Syria says pipeline blast that caused blackout was terrorist attack

An explosion on the Arab gas pipeline has caused a total blackout in Syria on Sunday. (AFP file photo)
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Updated 24 August 2020

Syria says pipeline blast that caused blackout was terrorist attack

CAIRO: The Syrian government said an explosion on a main gas pipeline traversing the Middle East on Monday was the result of a terrorist attack, and the United States said it suspected Daesh militants of carrying out the sabotage.
The blast caused a blackout across Syria, but power was gradually being restored, officials said.
It took place on the Arab Gas Pipeline between the towns of Ad Dumayr and Adra, northwest of the capital Damascus.
"Assessments show that the explosion...was the result of a terrorist attack," Minister of Petroleum and Mineral Resources Ali Ghanem said, quoted by state news agency SANA. He did not provide further detail.
In Geneva, the US envoy for Syria, James Jeffrey, said there had been an upsurge in Daesh activity in the southeast of the Syrian desert. Daesh lost its last territory in Syria in March 2019 but pockets of fighters remain.
"We are still looking into (the explosion). But it was almost certainly a strike by ISIS," Jeffrey told reporters at the start of UN-sponsored talks on the Syria conflict.
The Arab Gas Pipeline system extends from Egypt into Jordan and Syria. Syrian state-run Ikhbariya TV channel showed footage of a large fire after the explosion. The channel said later the blaze had been extinguished.
A Damascus resident said power had returned to the city.
In 2013, much of Syria was hit by a power cut after rebel shelling hit a gas pipeline.


No Middle East peace without solving ‘Palestinian problem,’ says Russia

Updated 18 September 2020

No Middle East peace without solving ‘Palestinian problem,’ says Russia

  • Kremlin observes ‘progress’ in the normalization of ties in the region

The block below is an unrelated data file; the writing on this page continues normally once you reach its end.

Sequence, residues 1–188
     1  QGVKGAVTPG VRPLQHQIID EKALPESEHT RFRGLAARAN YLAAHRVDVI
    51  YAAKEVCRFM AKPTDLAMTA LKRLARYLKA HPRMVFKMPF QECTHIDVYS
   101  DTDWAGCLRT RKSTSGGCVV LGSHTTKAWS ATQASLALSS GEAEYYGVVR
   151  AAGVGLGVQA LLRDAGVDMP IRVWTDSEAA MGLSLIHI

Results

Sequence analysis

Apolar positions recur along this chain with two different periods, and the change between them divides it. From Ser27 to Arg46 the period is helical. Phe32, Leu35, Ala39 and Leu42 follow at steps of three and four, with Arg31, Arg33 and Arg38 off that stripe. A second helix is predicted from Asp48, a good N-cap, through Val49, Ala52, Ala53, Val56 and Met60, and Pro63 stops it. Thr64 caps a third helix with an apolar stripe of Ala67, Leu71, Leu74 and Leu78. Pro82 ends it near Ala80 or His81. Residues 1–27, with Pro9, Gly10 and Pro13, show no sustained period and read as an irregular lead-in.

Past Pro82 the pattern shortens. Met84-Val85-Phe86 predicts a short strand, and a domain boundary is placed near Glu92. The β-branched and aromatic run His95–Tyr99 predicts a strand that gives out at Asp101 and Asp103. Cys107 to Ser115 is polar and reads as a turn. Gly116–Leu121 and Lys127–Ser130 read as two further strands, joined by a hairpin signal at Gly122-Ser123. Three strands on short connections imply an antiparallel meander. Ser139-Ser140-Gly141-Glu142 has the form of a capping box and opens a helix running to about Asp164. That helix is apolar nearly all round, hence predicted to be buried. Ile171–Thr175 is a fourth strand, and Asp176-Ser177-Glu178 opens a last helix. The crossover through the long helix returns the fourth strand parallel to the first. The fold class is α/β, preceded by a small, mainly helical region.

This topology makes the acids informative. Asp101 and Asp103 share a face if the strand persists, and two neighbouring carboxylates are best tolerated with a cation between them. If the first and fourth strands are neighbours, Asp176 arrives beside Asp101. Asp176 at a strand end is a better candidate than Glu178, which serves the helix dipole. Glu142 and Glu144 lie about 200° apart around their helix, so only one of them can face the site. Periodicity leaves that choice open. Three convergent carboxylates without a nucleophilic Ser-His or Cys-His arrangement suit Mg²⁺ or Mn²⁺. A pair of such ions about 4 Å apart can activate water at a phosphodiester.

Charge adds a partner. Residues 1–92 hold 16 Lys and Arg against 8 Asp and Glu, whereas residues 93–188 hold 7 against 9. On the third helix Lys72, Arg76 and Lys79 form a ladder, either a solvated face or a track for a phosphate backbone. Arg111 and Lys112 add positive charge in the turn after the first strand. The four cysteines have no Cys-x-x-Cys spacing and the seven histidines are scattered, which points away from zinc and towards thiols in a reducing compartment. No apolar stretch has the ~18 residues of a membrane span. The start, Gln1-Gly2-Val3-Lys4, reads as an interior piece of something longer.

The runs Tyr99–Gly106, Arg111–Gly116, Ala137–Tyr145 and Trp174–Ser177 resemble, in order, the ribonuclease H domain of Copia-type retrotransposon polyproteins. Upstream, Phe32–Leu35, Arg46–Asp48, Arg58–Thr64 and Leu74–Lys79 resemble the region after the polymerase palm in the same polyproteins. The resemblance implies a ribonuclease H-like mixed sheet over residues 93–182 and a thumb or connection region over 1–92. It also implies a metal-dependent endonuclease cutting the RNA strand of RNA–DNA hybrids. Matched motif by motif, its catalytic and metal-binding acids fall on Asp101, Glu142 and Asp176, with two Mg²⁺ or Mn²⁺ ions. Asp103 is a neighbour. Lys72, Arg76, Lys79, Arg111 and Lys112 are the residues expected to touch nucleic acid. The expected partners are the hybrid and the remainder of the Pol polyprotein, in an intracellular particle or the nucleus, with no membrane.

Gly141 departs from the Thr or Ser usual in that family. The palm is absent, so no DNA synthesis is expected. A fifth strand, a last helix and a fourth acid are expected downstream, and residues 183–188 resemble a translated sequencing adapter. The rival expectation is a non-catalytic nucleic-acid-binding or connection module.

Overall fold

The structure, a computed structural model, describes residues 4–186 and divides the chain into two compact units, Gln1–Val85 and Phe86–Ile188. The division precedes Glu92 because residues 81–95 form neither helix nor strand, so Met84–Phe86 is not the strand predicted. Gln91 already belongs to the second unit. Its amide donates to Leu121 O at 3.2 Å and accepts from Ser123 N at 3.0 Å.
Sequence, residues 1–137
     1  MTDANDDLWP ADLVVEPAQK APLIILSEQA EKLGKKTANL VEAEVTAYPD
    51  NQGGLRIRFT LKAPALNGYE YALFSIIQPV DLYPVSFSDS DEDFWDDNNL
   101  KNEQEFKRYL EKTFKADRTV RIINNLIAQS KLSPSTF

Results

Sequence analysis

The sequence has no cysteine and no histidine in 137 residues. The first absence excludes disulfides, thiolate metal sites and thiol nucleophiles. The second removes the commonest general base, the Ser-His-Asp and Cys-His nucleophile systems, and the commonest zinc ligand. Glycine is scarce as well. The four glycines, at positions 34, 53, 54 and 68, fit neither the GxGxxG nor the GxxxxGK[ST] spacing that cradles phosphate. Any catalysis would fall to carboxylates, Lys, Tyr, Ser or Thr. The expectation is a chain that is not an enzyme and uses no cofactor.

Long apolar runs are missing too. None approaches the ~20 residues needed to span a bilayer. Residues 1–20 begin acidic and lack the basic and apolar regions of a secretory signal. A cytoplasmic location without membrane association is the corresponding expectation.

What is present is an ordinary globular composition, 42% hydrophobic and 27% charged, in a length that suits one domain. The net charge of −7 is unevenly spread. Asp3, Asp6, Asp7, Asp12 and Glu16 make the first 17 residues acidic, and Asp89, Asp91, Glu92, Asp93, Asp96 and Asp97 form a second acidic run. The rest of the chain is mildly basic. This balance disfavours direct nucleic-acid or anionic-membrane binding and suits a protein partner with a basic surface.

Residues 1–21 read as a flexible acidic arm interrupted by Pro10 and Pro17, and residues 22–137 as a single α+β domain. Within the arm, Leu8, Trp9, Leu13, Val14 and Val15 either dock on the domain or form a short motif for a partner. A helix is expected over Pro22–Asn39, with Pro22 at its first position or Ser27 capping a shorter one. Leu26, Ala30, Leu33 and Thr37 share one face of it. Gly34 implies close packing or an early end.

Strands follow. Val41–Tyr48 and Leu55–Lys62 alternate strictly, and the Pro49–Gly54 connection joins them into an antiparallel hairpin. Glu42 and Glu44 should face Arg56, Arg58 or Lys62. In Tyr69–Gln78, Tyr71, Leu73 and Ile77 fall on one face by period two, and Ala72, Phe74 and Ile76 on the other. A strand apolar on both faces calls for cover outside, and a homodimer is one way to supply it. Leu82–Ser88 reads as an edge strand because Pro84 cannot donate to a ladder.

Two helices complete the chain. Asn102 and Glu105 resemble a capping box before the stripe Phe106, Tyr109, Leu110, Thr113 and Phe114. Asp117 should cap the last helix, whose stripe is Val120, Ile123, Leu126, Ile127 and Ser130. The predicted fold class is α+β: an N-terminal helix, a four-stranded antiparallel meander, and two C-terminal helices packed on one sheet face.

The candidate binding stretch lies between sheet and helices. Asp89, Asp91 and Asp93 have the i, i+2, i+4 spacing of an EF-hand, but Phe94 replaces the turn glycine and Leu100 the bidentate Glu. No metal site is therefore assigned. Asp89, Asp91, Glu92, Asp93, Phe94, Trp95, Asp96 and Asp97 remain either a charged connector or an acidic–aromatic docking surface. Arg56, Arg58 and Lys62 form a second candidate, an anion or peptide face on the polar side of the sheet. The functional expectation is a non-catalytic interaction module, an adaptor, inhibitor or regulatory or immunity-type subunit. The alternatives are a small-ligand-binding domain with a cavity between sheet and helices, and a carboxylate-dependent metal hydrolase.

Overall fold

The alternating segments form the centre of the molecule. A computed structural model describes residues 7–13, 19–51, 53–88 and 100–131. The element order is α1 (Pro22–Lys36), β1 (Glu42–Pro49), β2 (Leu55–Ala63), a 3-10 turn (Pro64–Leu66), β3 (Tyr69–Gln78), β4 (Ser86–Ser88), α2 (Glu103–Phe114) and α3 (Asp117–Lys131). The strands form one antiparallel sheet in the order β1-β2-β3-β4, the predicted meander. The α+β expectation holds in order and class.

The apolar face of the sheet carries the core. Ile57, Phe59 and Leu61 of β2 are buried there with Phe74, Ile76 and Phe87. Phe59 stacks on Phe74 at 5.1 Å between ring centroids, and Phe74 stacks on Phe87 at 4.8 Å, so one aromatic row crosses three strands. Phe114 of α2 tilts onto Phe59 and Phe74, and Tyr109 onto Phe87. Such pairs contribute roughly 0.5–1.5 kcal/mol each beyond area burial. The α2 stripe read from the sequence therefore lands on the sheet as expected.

MOSCOW: Russia said it would be a “mistake” to think of peace in the Middle East without resolving the Palestinian issue.

The Foreign Ministry statement came on Thursday after Israel normalized relations with long-time foes Bahrain and the UAE at the White House on Tuesday.

Russia said it noted “progress” in the normalization of ties between Israel and several Arab countries but said that “the Palestinian problem remains acute.” 

“It would be a mistake to think that without finding a solution to it that it will be possible to secure lasting stabilization in the Middle East.” 

Moscow urged regional and global players to “ramp up coordinated efforts” to solve the issue. 

“Russia is ready for such joint work,” including in the framework of the diplomatic Quartet of Middle East peace negotiators and in close coordination with the Arab League, the Foreign Ministry said. 

US President Donald Trump has said similar US-brokered deals are close between the Jewish state and several other nations. 

Bahrain and the UAE are the first Arab nations to establish relations with Israel since Egypt in 1979 and Jordan in 1994. 

Palestinian leader Mahmoud Abbas said on Tuesday that only an Israeli withdrawal from its occupied territories could bring peace to the Middle East.